Sacrifice, for most pagans and polytheists, means something different when compared to what most people define it as. During the season of Lent, many of my Catholic coworkers let go of something during this time as required by their faith - most of them decided to give up things that were bad for them, like Diet Coke or coffee. I found that to be odd personally, for sacrifice means to "make holy, or sacred." I really don't view Coca Cola to be particularly spiritual, nor do I offer it as a libation, unless I discover that Hermes has a weird particular taste for it.

I have had to curb some habits in my life due to some large changes I had to do, and in regards to ritual and daily practice, I found myself doing less and less due to the lack of time, or just lack of convenience. Convenience being the key [bad] word. Looking in my life I found that I needed to learn to better manage the time I did have: saying I was tired, or I had no time meant I was more than likely spending it doing unimportant things with it when it didn't pertain to work or school. So I reformed myself. I sold my car a year ago in order to save for future out-of-state tuition and living costs for next year, so I've been taking public transportation or walking, to get to work, school and home. Living in southern California made this something to get used to, and it also meant that the hours became something I could not waste - they became invaluable. If I need to do something simple like go to the pharmacy or the bookstore, it meant rerouting my entire commute and scheduling ahead of time to avoid missing a bus. With the current financial crisis in California, many of the routes have been cut or removed. While I find time for work, school, volunteer work, leisure and exercise, I needed to make daily practice higher up in the scale regardless of how late or how early it was.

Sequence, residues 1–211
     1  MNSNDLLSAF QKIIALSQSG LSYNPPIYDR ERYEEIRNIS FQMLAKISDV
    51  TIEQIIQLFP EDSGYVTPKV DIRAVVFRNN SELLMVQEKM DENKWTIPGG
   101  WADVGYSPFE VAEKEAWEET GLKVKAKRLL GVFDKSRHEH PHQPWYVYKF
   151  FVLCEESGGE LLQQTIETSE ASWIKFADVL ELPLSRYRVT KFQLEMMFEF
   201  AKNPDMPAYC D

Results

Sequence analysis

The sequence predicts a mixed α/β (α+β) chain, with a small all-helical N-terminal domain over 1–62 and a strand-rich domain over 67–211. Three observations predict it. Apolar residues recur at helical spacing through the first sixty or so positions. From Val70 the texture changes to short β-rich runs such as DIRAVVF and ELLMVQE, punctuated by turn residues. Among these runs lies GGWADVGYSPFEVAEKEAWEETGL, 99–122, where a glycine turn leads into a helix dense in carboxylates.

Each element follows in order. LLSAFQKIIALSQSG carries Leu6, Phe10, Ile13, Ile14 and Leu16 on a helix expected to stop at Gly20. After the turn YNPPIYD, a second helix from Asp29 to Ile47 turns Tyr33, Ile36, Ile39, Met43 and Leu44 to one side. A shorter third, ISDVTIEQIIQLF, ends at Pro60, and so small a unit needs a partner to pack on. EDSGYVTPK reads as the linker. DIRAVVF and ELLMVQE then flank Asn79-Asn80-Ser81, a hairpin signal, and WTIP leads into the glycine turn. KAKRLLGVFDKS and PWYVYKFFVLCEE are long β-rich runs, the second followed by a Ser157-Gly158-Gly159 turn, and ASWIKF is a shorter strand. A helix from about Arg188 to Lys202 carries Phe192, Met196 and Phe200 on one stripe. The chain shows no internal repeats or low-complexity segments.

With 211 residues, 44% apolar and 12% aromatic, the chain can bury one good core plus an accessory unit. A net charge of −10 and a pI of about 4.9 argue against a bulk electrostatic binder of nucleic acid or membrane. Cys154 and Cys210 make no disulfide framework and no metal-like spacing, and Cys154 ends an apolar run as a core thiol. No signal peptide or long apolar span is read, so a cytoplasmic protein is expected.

Today, as I walked home from the market with my green reusable bag full of peaches, bread, soup and Merlot wine, I couldn't help but think that this long walk back to my home was in part, not only preparation for my libation to Hermes, but in essence part of it. It is perhaps no different than those that would peregrinate, with offerings and prayers, to the temple of Hermes in Samos. Every step, every drop of perspiration and each thought full of love and anticipation.

We give much of our time, effort, intellect and sweat in order to reap rewards in the form of monetary currency, to obtain things that support and provide enjoyment in our lives. In the same vein, I find that using my time, effort, intellect and sweat in preparation, service and ritual to my gods to be itself another sacrifice to harvest the joys of life.

Friday, August 7, 2009

Vampires and Dionysus